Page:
Crows are common sights in Missouri, particularly in winter when they tend to congregate in flocks for foraging and safety purposes. Crows are becoming familiar sights in urban areas where trash bins are ready-made foraging areas.
Species: American crow or common crow
Scientific name: Corvus brachyrhynchos
Claim to fame: Crows are common sights in Missouri, particularly in winter when they tend to congregate in flocks for foraging and safety purposes. Crows are becoming familiar sights in urban areas where trash bins are ready-made foraging areas. Crows have the reputation of being an agricultural pest, although this is a somewhat antiquated image. Crows were more of a problem for farms of previous centuries – when methods were simpler and more inefficient - than they are for today’s highly mechanized farm operators. In fact, a crow’s consumption of grasshoppers, cutworms and other insect pests are beneficial to farmers. Missouri has a crow season which runs from November 1 through March 3. Crows are also highly intelligent birds. Crows have the largest brain, in relation to their size, of all species of birds.
Species status: Crows are found throughout Missouri and much of North America.
First discovered: Crows were known to Native Americans and to early settlers. According to Sioux folklore, crows were once white. They had a habit of warning buffalo of approaching hunters, which would cause the buffalo to stampede and leave the hunters empty-handed. Eventually an angry Native American caught a crow in the act of alarming a herd of bison. The Indian threw the bird into the fire, it turned black and the bird has been this color ever since.
Family matters: Crows belong to the family Corvidae; a group which includes ravens, magpies and bluejays. This family primarily consists of large, perching birds with strong, long bills and forward-pointing bristles at the base of their bills.
Length: 17 to 21 inches
Diet: The diet of the crow is diverse. It includes insects, grain, nuts, fruit, bird eggs and bird nestlings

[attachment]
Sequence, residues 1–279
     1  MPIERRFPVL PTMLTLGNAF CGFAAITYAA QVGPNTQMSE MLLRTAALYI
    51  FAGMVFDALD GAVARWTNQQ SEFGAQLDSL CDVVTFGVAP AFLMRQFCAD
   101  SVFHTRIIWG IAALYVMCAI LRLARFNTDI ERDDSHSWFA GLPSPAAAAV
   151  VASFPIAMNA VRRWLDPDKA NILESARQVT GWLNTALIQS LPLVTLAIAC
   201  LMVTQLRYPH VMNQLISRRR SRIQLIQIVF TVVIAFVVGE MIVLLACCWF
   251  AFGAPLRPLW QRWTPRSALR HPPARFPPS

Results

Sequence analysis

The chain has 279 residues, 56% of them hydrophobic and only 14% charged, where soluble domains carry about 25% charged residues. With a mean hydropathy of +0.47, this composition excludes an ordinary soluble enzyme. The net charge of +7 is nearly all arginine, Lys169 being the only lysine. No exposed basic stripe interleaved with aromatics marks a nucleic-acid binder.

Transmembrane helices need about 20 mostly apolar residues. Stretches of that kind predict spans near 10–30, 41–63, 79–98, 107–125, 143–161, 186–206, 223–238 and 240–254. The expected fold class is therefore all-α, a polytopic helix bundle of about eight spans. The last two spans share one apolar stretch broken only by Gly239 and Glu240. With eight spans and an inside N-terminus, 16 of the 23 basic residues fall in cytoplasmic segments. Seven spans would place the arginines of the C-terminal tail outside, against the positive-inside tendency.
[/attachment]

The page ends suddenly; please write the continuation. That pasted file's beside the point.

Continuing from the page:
Weight: Information not available
Distinguishing characteristics: The common crow is a stocky, black bird with a stout bill and a fan-shaped tail. The call of the crow is the familiar “caw.” What many people don’t know is that a crow’s call has variations that signify warning, threats, taunting and cheer. As mentioned above, winter is a time when crows congregate in large flocks. When these flocks are feeding, one or two crows can be seen on high perches; serving as lookouts for the rest of the flock. This behavior allows the rest of the flock to forage more efficiently.
Life span: Information not available
Habitat: Crows have adapted to a variety of habitats, but they seem to prefer deciduous growth along rivers and streams and mixed coniferous woods. They also have shown a fondness for city parks.
Life cycle: A crow’s breeding season begins in February and extends into June. The nest is built at various heights, usually in a deciduous tree, conifer or bush. The nest is cup-shaped, built of twigs and sticks, and lined with finer material. The female lays four to six eggs that she incubates in 18 days. The male feeds the female while she incubates. The young remain in the nest for 28 to 35 days. Both adults feed the young while they are in the nest and for a short period after they fledge.